NEW ORLEANS – Suggesting that Eddie DeBartolo Jr. doesn't deserve a spot in the Pro Football Hall of Fame sends Steve Young into an agitated state.
"I would challenge anyone to say that what Eddie did didn't have a huge impact on moving this game forward," Young said of the San Francisco 49ers' former owner. "I go around the league in my job as an analyst and see things that the 49ers put in with Eddie and Bill Walsh. Whether it is tactically or how players are treated, things that were initiated with the 49ers have taken root in the league. … When I go to New England, it reminds me of the 49ers."
Like so many other 49ers, including fellow Hall of Famer Ronnie Lott, Richard Dent and Fred Dean, Young leads a loud contingent of former players who say DeBartolo deserves his place in the hall. On the flipside of that is a strong-yet-silent group of NFL executives and owners who chafe at the mention of DeBartolo, particularly when compared with former Baltimore Ravens owner Art Modell and New York Giants coach Bill Parcells. Those three are among 17 men who will be considered Saturday for induction to the Pro Football Hall of Fame.
Or as one owner said after giving a long and passionate endorsement of Modell, "I have nothing to say about Eddie DeBartolo."
DeBartolo's aggressive and hyper competitive mentality remains a sore point among owners. They note that he broke salary-cap rules in the 1990s and got into trouble with the law (he was eventually convicted in a corruption case involving former Louisiana Gov. Edwin Edwards). Those incidents ultimately led to DeBartolo being forced out of the league and surrendering ownership to his sister, ending a run that included five Super Bowl-winning teams between 1977-2000.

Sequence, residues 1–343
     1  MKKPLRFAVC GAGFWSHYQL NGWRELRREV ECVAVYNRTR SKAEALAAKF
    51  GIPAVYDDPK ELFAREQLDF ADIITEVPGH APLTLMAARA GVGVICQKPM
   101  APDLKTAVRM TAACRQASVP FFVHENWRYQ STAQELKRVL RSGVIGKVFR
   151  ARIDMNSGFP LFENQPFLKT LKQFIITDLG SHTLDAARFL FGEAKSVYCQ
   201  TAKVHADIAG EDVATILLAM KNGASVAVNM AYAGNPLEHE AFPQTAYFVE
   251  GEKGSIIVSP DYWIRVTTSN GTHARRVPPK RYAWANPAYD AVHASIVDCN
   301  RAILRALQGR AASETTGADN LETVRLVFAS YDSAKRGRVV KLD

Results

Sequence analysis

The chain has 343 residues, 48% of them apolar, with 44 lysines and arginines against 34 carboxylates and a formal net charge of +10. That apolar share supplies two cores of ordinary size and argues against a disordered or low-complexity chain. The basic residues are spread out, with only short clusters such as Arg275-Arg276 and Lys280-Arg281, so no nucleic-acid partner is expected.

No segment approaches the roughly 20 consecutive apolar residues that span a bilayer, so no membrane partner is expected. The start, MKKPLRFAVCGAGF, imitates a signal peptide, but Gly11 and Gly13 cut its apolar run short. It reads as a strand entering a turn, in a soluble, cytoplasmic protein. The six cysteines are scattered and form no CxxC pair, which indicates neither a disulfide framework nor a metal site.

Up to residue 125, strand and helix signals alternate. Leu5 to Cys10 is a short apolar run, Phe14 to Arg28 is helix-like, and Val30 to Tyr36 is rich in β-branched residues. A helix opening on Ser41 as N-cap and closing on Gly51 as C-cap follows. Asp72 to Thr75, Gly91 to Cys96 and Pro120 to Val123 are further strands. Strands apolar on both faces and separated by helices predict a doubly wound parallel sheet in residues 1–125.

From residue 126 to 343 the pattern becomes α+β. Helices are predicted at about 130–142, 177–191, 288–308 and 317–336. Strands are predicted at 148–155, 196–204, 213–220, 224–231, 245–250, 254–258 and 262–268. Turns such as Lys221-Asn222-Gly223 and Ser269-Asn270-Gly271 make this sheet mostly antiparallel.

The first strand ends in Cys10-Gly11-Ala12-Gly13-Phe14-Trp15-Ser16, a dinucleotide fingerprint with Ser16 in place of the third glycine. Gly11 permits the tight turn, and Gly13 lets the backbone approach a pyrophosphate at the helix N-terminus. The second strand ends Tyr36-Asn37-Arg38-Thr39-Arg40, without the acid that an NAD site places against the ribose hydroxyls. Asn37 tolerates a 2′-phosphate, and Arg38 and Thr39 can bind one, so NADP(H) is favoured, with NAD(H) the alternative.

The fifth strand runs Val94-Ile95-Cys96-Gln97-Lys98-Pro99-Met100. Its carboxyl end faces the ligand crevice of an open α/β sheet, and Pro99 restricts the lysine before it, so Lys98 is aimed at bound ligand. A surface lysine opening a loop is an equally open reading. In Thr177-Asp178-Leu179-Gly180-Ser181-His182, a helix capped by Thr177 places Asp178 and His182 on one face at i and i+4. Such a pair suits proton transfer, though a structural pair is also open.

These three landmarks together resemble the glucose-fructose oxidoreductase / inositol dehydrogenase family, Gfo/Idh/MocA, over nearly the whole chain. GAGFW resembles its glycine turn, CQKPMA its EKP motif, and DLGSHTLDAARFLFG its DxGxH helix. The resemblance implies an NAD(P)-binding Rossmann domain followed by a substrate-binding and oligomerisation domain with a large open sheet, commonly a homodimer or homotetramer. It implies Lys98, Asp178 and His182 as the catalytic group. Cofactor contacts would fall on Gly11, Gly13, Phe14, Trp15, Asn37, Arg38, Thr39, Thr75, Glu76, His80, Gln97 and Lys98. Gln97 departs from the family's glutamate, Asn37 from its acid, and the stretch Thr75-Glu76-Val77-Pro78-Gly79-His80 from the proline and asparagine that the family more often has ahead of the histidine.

But as one NFC team executive admitted in noting that DeBartolo dominated the NFL like no other owner: "Eddie pushed the entire league to be better. He drove people crazy trying to keep up, but he was the model. Whatever it took to win. The reason we have a salary cap is because of Eddie. He was willing to spend whatever it took to win."
That last part is oversimplified – the cap is there for multiple reasons, including a financial floor to make sure everyone spends a minimum amount – but there is a vein of truth to the general argument. Between hiring Walsh, building the first modern training facility and creating an organization that featured players such as Young, Lott, Joe Montana and Jerry Rice, DeBartolo constructed a football Valhalla.
"When I left, even to go to the Raiders, you realize pretty quickly the difference between what the 49ers were doing and what everybody else thought they were doing," Lott said. "It was even the way people talked. I remember when I was in Kansas City and I was talking to one person and they talked about how, 'I hope we win this Sunday.' We didn't look at it that way in San Francisco. Winning was expected, not hoped for."
Dent and Dean both tell stories about coming to San Francisco at the end of their careers and immediately noticing a difference in style that started at the top with DeBartolo.